3) Talk about the We, not the Me:
If you listen to Hillary speak, it’s always about what “I” can do for you, what “I” will do when I’m president, what “I” believe we should do. When Bernie speaks, it is always about the WE. He has built his entire campaign on WE. He never talks about himself as being the Savior we are all waiting for. He talks about political revolution. Which refers to people working together to bring about change. His message and his vision are about bringing different people with diverse backgrounds together to work collaboratively. What Hillary represents is the old paradigm, a very top-down approach that everything from big companies to factories used to organize themselves. Well, maybe she didn’t get the memo, but in the 21st century and with the birth of the Internet, its all about collective movements of people working together toward a common cause. That’s what brought about the Arab Spring, or in this country Occupy Wall Street. It’s what people are craving for — they want their leaders to unite people around a common cause. In order to do that, you have to talk about the WE — the collective. We already elected our Savior…Barack Obama, and look how far that got us.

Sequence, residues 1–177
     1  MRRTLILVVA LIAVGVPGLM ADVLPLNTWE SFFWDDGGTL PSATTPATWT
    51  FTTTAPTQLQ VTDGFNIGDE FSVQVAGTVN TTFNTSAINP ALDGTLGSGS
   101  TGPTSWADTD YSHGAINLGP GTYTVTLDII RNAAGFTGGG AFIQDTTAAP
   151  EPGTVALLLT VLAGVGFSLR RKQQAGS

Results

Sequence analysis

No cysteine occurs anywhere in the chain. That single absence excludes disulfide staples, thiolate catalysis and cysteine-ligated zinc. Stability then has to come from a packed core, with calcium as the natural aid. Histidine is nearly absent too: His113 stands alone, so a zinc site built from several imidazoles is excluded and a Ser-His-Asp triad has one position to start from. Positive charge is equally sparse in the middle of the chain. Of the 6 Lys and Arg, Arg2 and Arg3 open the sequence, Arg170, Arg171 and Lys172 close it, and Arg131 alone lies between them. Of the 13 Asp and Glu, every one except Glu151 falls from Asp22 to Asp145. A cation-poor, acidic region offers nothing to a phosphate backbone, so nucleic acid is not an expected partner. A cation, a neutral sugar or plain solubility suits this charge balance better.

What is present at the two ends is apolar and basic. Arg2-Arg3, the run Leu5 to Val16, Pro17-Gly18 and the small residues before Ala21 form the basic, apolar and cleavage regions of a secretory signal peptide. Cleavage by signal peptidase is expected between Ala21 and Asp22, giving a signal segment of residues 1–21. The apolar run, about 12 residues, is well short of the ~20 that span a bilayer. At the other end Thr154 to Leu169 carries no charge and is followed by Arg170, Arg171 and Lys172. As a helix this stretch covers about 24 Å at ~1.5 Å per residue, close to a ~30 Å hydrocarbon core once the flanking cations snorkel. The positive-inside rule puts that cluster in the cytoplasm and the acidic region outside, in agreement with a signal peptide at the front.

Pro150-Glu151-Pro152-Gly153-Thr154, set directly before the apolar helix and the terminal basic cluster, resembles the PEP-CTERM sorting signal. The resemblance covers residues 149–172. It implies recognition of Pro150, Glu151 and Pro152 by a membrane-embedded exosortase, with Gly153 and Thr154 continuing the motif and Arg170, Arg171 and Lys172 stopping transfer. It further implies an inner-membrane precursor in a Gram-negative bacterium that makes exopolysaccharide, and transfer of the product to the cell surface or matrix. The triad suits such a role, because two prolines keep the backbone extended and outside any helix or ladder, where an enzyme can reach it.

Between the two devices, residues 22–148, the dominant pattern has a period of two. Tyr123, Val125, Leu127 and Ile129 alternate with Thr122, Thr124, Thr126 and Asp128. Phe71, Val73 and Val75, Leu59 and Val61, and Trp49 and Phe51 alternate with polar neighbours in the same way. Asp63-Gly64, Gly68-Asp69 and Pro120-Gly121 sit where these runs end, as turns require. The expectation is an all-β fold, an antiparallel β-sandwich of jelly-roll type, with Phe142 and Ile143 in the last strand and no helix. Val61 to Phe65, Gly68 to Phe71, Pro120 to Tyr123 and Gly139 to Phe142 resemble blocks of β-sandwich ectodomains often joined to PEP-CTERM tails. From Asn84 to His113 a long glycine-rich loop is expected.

The qualities I listed above could be considered feminine traits, which I believe are the qualities people are looking for in their leaders today. And it’s something that more women leaders need to feel comfortable embracing in order to be likeable, authentic and effective, which will also eventually helps us close the gender gap. Emulating our male counterparts doesn’t have the same impact as leaning into our feminine strengths like vulnerability, empathy, care, intuition, and humility to name a few. I believe if Hillary Clinton develops the courage to embrace her feminine strengths, she could win the nomination by a landslide. Let’s see if she reads this article.